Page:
By MICHAEL MELIA
HARTFORD, Conn. (AP) _ The University of Connecticut told two faculty members Thursday that it intends to dismiss them as the result of an investigation that found one had inappropriate contact with students and another failed to act properly after learning of wide-ranging sexual misconduct allegations against his colleague.
The letters sent to music professor Robert Miller and former fine arts dean David Woods mark the start of disciplinary proceedings, in which they can request hearings to dispute the allegations.
The independent investigation began last year after it became more widely known that Miller had been accused of abusing children in Virginia and Connecticut in the 1960s and 1990s. Miller, who was suspended in June, has not been charged with a crime. Police are still investigating.
He and Woods haven’t responded to messages left by The Associated Press.
The report presented Wednesday to the university’s board of trustees found that while no UConn students were victims of crimes, Miller engaged in rampant misconduct and violations of school policy. It said Miller, 66, took students on overnight trips to Vermont, danced in his underwear with a student and behaved in a way that led upperclassmen to warn freshmen to avoid him.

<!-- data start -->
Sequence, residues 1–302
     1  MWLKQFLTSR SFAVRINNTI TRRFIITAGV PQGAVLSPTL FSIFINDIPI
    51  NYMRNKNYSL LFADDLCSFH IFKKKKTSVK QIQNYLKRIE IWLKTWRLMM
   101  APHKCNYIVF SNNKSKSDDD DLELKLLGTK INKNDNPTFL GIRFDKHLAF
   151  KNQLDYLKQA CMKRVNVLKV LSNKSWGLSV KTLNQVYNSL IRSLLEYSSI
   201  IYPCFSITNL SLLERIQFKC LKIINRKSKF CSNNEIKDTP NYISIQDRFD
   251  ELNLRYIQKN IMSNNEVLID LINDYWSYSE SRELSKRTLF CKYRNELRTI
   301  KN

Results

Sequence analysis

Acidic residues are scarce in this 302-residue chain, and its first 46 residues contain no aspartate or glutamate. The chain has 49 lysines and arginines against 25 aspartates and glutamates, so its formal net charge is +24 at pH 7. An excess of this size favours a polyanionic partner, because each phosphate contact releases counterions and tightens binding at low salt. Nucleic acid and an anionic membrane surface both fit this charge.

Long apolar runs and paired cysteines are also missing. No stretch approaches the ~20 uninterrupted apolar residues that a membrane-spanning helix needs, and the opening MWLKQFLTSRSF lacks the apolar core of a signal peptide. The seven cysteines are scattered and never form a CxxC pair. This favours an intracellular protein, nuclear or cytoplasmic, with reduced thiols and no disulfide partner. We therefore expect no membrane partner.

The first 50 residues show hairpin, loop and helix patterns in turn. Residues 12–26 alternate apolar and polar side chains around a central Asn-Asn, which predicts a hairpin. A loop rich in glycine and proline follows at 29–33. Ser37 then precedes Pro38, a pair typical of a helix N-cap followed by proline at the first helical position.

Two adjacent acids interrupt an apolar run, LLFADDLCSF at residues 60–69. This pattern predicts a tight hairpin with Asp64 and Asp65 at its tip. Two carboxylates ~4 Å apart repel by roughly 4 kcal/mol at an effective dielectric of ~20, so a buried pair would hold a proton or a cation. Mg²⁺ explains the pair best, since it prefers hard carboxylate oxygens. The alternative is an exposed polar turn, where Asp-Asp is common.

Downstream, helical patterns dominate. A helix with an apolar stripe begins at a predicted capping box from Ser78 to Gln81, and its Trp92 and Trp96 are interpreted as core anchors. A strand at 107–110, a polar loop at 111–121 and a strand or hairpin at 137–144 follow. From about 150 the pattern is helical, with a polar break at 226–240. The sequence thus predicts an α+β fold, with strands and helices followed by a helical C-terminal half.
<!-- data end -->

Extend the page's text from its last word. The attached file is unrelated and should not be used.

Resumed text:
“At this time, I am recommending dismissal of your employment with the university,” Dean Brid Grant wrote in the letter to Miller.
The investigation, led by the law firm of former White House counsel Scott Coffina, concluded UConn officials including Woods knew as early as 2003 that Miller had been accused of misconduct with children.
The report said officials put students at risk by not acting sooner but criticized Woods in particular. It said Woods was the only person who had the knowledge of all the allegations and authority to address them, but he did not take appropriate action beyond advising Miller in 2008 not to socialize with students.
Coffina, whose firm began the investigation in September, said he found evidence to support allegations that Miller inappropriately touched boys who attended Paul Newman’s Hole In The Wall Camp for sick children in Connecticut in the early 1990s, and a middle school student in Virginia in 1969. State police have said the statute of limitations has expired in the Connecticut cases but not for the Virginia allegations.
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